AS JUNE approaches hopefully it won't be long until we see the first display of noctilucent clouds, or NLC, of the 2019 season, writes STUART ATKINSON. In fact, by the time you read this it might already have happened; small displays have been known to occur in the last week of May. The biggest displays usually occur from mid-June, but any clear night now for the next two months it's worth looking to the north after midnight just in case there's a display of beautiful, eerie, silvery-blue NLC poking its head above the horizon.

The International Space Station (ISS) is still visible in our sky, in the late evening and wee small hours too, which means you'll either have to get up very early or stay up very late to see it at its best. But it's worth making the effort because seeing it drifting across the sky like a bright star and thinking, "There are people on that," is always exciting and humbling.

The good news is you don't need a telescope or even a pair of binoculars to see the space station, it is clearly visible to the naked eye as a bright star moving across the sky, perfectly silently, at about the same speed as an airplane. All you will have to do is go out a few minutes before the times listed below, look to the west (not sure which way is west? Just remember the direction you usually see the Sun setting in from where you live and face that way) and then just wait. After a few minutes you'll see what looks like a star rising up from the horizon, on a path that will take it on an arc over towards the south - i.e. heading from right to left as you look at it. That star is actually the ISS. It will then move across the sky, heading east. How bright will it get? Well, on some passes the ISS is very high and very bright, but on others it is much fainter and barely scrapes the treetops. But it is always impressive, especially when you realise that you're looking at a huge construction that took over a decade of international collaboration between 17 countries to complete, and as you're watching it some of the people living, working, and sleeping on it might well be looking down at you at the same time.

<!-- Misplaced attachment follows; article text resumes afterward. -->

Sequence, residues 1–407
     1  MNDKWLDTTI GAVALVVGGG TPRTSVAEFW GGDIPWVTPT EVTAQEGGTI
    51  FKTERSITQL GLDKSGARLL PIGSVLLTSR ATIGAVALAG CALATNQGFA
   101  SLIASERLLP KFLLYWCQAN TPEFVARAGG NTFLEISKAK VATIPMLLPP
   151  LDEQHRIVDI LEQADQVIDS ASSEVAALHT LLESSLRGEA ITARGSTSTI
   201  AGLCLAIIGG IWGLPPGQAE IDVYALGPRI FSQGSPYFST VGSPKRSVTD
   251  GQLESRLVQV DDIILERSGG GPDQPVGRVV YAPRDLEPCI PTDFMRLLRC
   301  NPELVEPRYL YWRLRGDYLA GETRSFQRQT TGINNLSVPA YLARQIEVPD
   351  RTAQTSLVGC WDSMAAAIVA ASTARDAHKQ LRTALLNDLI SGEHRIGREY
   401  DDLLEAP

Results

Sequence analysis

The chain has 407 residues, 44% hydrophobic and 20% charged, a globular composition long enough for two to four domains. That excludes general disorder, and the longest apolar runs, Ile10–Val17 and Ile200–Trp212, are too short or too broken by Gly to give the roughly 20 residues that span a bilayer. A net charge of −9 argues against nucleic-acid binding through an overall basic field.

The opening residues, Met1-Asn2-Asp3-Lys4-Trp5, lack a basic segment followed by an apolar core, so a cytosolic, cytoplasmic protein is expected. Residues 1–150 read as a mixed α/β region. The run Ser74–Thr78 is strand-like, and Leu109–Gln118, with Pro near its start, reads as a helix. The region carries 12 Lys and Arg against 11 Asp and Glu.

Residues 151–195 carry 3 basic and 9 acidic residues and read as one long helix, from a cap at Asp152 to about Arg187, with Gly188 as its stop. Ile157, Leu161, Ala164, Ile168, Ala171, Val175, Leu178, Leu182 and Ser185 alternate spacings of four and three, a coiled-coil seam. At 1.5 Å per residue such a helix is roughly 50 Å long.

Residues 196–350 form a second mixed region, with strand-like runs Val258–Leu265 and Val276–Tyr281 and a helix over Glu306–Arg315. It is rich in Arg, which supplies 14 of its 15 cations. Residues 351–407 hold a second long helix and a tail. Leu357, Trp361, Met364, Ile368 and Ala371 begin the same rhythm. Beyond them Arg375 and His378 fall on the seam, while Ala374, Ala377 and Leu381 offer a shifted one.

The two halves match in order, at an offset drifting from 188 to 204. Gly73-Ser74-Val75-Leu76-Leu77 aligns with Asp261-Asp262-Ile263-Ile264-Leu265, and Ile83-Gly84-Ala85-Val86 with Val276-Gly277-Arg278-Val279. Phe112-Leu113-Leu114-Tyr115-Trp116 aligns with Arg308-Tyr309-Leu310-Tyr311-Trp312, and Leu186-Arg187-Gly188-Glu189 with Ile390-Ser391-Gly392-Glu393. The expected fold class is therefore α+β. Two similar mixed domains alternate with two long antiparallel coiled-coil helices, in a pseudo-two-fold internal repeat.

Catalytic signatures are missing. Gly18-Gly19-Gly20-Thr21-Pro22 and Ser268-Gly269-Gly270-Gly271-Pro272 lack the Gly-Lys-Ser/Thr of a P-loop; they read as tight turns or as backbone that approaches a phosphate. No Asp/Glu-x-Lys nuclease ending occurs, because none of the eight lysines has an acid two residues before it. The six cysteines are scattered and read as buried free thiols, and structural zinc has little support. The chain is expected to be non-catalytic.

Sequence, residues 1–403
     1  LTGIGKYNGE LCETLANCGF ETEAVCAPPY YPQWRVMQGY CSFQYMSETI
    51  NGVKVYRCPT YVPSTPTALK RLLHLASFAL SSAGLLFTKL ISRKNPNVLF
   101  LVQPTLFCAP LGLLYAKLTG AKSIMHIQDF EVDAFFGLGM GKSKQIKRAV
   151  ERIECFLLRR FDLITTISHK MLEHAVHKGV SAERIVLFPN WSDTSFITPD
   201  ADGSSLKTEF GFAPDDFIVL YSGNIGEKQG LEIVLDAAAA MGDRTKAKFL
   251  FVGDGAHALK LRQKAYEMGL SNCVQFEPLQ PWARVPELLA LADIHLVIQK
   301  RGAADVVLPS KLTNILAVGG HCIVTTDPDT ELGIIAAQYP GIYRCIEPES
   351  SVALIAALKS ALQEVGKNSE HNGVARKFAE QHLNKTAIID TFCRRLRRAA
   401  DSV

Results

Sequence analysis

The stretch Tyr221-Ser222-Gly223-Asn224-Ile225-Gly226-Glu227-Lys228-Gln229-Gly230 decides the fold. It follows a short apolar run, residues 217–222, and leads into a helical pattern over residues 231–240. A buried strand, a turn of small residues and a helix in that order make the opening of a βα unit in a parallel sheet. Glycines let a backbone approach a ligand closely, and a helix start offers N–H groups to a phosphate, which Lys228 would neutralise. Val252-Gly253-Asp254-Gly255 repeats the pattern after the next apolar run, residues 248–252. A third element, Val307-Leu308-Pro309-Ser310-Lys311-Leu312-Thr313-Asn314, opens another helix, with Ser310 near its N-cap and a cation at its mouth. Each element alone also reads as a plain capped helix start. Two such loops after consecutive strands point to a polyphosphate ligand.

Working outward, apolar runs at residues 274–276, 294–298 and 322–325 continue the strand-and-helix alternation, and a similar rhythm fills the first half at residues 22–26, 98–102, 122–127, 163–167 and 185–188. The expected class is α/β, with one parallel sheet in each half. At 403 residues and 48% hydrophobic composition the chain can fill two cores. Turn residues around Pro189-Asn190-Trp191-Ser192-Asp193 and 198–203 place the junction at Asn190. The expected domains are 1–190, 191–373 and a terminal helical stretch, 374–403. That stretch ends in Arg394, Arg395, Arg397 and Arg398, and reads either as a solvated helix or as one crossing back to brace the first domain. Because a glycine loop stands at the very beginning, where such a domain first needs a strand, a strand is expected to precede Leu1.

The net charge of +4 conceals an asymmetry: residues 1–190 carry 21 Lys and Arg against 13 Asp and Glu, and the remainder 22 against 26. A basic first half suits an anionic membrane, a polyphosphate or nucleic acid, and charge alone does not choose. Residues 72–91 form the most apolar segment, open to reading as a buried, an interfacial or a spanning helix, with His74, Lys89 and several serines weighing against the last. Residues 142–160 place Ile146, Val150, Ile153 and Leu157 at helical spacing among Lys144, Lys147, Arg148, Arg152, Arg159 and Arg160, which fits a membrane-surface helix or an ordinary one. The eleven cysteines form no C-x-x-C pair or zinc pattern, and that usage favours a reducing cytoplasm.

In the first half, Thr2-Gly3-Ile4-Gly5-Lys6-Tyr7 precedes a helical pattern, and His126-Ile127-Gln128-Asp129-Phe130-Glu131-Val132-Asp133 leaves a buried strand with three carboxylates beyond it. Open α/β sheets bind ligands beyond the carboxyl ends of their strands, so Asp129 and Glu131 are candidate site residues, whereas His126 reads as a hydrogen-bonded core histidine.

Here are the dates and times for the next week: May 23: 00.56, 22.29; 24th: 00.05, 01.40, 21.14; 25th: 00.50, 22.24; 26th: 00.00, 23.09; 27th: 00.44, 22.18, 23.54; 28th: 23.03